Next week, Missoulians will put on skeleton costumes and parade down Higgins Avenue in one of this town’s oddest observances: the Day of the Dead parade. They’ve been doing it for 24 years, despite the fact that approximately 0.0% of the local population is Mexican. We love parades, though. This one concludes the Zootown Arts Community Center’s monthlong Festival of the Dead, which the ZACC describes as an “all-inclusive multicultural event that honors life and death through community involvement in the arts.”
Again, this all-inclusive multicultural event mostly includes white people. Is it therefore not a little problematic? Might the good people of Missoula not be appropriating someone else’s culture by celebrating this holiday? I agree Missoula’s Day of the Dead festivities stray unconscionably from cultural tradition. They make no mention of Mictecacihuatl, the Aztec goddess of death. In fact, when it comes to appropriating the culture behind the Day of the Dead, the only people worse than Missoulians are Mexicans.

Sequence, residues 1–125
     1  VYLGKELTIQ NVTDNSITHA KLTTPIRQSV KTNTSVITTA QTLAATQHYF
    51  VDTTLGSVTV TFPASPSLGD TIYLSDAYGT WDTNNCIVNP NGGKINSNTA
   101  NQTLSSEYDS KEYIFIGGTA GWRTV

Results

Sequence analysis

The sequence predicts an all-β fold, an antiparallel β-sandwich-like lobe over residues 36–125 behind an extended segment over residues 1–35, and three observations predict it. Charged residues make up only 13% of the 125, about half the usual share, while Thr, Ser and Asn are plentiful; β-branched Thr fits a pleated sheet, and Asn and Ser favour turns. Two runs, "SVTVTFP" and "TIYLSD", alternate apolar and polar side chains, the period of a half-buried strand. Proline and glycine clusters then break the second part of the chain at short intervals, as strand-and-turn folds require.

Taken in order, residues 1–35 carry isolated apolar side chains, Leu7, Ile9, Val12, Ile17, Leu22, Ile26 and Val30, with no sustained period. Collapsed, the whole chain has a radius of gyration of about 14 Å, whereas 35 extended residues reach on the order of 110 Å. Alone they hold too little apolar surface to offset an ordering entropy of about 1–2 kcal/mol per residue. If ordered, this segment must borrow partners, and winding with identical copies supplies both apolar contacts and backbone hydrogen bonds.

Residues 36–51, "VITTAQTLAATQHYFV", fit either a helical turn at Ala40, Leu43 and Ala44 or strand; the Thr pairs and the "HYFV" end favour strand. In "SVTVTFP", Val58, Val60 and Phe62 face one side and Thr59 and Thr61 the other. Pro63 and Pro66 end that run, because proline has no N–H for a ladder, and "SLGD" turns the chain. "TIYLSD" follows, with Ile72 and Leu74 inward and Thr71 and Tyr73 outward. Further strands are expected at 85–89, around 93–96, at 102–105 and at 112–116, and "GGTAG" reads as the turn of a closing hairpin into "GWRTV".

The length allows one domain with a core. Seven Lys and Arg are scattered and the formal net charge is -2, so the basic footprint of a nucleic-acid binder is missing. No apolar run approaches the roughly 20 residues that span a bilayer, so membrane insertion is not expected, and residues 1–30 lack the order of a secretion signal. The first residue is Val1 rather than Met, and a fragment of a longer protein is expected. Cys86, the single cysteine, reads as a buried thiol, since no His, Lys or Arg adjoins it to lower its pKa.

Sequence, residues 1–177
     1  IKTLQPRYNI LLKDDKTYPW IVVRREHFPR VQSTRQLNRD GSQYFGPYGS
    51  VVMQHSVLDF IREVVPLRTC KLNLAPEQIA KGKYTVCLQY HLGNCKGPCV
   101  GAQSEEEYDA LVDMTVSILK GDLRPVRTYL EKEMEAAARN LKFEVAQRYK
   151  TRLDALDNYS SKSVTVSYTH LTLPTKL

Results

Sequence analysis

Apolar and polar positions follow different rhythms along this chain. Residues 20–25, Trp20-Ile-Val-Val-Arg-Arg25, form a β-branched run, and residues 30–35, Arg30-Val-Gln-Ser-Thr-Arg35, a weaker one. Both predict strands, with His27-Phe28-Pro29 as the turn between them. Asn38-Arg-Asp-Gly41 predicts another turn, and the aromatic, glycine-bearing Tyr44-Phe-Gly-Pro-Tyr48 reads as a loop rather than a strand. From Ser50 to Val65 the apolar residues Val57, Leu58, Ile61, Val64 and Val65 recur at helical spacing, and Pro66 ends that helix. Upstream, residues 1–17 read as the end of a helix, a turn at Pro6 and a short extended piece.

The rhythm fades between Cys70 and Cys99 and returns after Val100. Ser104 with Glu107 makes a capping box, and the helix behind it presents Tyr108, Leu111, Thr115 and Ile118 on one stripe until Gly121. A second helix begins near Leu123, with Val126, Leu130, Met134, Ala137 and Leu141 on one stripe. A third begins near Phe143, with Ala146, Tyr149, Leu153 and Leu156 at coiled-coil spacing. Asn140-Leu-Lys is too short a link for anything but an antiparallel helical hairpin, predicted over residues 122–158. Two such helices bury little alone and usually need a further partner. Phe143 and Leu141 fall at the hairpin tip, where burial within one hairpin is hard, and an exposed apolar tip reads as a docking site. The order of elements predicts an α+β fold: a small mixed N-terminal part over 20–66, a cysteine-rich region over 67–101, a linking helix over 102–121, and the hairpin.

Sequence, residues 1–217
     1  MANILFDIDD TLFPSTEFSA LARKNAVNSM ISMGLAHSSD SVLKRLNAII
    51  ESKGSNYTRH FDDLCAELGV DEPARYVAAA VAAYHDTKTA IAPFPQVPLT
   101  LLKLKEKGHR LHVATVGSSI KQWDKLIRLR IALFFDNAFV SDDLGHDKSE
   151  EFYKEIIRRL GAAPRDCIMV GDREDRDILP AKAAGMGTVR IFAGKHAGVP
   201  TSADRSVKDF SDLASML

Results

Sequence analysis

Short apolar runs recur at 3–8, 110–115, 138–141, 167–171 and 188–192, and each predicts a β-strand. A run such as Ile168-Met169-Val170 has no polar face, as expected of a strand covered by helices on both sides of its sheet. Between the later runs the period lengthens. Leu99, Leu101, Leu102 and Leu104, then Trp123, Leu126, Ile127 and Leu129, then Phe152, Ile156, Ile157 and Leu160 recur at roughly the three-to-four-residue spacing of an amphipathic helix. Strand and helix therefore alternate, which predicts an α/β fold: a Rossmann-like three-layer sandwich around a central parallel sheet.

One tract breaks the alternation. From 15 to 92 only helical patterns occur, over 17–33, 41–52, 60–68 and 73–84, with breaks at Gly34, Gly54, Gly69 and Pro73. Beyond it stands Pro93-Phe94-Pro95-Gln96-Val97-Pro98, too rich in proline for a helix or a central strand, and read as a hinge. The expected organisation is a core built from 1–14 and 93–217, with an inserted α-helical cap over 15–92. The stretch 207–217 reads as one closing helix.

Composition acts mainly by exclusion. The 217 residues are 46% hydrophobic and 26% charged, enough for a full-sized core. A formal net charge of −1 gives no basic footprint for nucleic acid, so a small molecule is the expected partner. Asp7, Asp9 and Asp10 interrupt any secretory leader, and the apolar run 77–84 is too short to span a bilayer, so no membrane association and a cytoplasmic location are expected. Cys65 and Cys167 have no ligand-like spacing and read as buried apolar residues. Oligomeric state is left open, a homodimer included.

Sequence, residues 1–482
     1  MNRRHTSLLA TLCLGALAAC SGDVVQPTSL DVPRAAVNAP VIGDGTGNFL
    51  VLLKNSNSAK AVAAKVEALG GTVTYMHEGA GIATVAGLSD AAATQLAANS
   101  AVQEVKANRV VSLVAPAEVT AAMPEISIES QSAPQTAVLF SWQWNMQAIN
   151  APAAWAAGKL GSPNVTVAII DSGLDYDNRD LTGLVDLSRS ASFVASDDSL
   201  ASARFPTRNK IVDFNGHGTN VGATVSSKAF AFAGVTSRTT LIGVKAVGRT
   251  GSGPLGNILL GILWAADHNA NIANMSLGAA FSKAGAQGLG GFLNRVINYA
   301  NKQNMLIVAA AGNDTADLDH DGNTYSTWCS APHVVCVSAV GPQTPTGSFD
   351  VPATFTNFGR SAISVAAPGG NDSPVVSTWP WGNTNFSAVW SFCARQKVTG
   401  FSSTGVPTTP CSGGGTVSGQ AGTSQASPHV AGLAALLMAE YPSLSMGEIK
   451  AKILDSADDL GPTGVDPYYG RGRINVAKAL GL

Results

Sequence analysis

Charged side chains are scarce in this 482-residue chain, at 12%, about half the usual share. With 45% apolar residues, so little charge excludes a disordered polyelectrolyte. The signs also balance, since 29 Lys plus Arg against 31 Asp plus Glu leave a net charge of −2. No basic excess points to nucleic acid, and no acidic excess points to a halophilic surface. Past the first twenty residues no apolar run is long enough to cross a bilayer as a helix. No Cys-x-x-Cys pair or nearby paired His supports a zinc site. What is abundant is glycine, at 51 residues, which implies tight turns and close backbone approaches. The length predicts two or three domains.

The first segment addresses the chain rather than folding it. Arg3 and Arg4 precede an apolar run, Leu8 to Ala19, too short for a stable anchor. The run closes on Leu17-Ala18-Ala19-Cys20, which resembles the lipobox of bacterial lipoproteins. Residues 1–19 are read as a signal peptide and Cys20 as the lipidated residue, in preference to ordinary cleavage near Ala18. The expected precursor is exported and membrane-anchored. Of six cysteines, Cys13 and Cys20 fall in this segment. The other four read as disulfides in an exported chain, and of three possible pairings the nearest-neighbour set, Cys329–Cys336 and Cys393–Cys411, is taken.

You can read all about in this week’s column for the Missoula Independent, in which we chart the fine line between resisting cultural appropriation and enforcing cultural segregation. Centuries from now, when ape-robot cyborgs are marching through the ruins of Washington-Grizzly Stadium in skeleton costumes, people who are a quarter Missoulian will lambast them for stealing our culture. Fortunately, I will be dead. We’ll be back tomorrow with Friday links!